The simple answer to this question is living a long life. But the medical community uses other terminology to describe various states of disease along the way toward cure. For patients who begin their treatment at Memorial Sloan Kettering, most “events” — e.g. relapse, serious side effects, development of a secondary cancer — usually occur within three years of diagnosis. By five years after diagnosis, few relapses are seen, although there are occasional recurrences past five years.
When we talk about the effectiveness of a treatment or the state of a patient’s disease, there are a number of frequently used terms that may come up.
Remission or No Evidence of Disease (NED)
These are terms that indicate that the signs and symptoms of neuroblastoma are no longer present. However, it is possible that neuroblastoma cells may continue to exist in the body at a level at which current testing methods cannot detect. These terms mean the same thing as Complete Remission.
Complete Remission (CR)
This is a term that indicates that no signs, symptoms, or other evidence of neuroblastoma are present. As for remission and NED, a patient considered to be in complete remission may still have cancer cells in the body because current testing methods are not able to detect individual cells or very small clusters of cells. This term means the same thing as Remission and No Evidence of Disease.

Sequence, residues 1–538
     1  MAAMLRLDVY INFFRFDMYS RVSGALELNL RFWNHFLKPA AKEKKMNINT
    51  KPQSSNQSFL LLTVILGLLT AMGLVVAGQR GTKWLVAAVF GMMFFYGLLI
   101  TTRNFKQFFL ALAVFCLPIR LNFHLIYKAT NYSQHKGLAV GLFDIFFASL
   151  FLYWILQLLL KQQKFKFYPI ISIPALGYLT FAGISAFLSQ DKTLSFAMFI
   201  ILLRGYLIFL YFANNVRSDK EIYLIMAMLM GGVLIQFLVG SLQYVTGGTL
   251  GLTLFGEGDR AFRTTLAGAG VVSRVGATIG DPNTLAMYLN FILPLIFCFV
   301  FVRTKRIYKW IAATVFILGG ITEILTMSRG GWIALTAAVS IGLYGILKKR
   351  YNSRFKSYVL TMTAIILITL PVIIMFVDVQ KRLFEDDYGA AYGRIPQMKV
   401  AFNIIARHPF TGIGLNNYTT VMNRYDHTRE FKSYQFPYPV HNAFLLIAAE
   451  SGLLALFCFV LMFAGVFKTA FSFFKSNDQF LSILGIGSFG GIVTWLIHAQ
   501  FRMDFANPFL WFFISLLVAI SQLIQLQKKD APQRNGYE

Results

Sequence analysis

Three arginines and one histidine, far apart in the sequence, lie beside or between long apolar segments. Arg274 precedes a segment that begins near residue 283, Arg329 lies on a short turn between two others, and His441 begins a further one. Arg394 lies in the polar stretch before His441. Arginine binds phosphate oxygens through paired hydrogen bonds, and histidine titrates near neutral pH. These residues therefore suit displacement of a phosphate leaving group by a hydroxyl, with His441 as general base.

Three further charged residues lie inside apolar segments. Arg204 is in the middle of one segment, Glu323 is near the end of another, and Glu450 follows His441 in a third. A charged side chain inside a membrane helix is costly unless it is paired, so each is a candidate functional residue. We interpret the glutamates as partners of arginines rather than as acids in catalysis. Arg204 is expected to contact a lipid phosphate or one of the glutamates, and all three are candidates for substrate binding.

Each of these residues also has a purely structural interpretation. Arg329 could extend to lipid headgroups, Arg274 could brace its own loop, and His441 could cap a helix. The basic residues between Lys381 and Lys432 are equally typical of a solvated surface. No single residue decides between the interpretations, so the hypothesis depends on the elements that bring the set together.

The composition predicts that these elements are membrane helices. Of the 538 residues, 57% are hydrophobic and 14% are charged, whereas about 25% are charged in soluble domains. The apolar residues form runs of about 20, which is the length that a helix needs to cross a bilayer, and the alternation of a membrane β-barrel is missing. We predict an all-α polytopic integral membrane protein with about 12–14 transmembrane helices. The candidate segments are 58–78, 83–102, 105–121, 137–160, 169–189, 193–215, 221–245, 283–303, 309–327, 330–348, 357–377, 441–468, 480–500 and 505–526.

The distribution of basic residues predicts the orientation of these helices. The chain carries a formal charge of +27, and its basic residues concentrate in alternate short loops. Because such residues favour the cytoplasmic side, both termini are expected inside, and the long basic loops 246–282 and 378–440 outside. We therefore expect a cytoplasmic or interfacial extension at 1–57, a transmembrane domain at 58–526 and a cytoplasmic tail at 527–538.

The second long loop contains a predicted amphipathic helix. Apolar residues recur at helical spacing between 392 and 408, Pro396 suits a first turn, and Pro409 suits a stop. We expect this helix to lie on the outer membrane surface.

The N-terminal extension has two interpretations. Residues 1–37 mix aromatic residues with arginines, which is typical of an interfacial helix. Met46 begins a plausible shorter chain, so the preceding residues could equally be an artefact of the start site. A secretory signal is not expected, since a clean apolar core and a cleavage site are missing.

This is a term that indicates that although no clear signs, symptoms, or evidence of disease remains, tests continue to show scar tissue or other abnormalities that make it impossible to classify the case as Complete Remission.
Partial Remission or Partial Response (PR)
These are terms that indicate that the size of the primary tumor or the extent of neuroblastoma cells in the body has decreased by more than 50 percent, but evidence of disease remains.
Very Good Partial Remission (VGPR)
This is a related technical term that indicates that the patient has only minimal tumor mass remaining at the primary site and no evidence of metastatic disease except for improving abnormalities shown on a bone scan (though MIBG
tests are negative).
Mixed Response (MR)
This is a term that indicates that there has been some reduction in the size of the primary tumor or the extent of neuroblastoma cells in the body, but the response is less than what would be considered partial remission. This term can be confusing because, despite the usual meaning of the word “mixed,” it does not refer to a situation in which there is response in some sites but progression in other sites. In fact, to qualify as Mixed Response, disease progression cannot have occurred anywhere in the body.
This is a term that simply indicates that the patient is alive.
Progression-Free Survival (PFS) and Relapse-Free Survival (RFS)
These are terms that indicate that over some specified period of time the patient has survived and there has been no progression or relapse in his or her disease.
Event-Free Survival (EFS)
This is also a technical term that indicates that over some specified period of time the patient has survived and there has been no serious event. The term “event” does not have the same meaning for all doctors and at all treatment centers, so patients are encouraged to ask their doctors for specific details on how they interpret these terms. For example, while treatment-related leukemia is generally accepted as an event, removal of a vital organ like a kidney is not.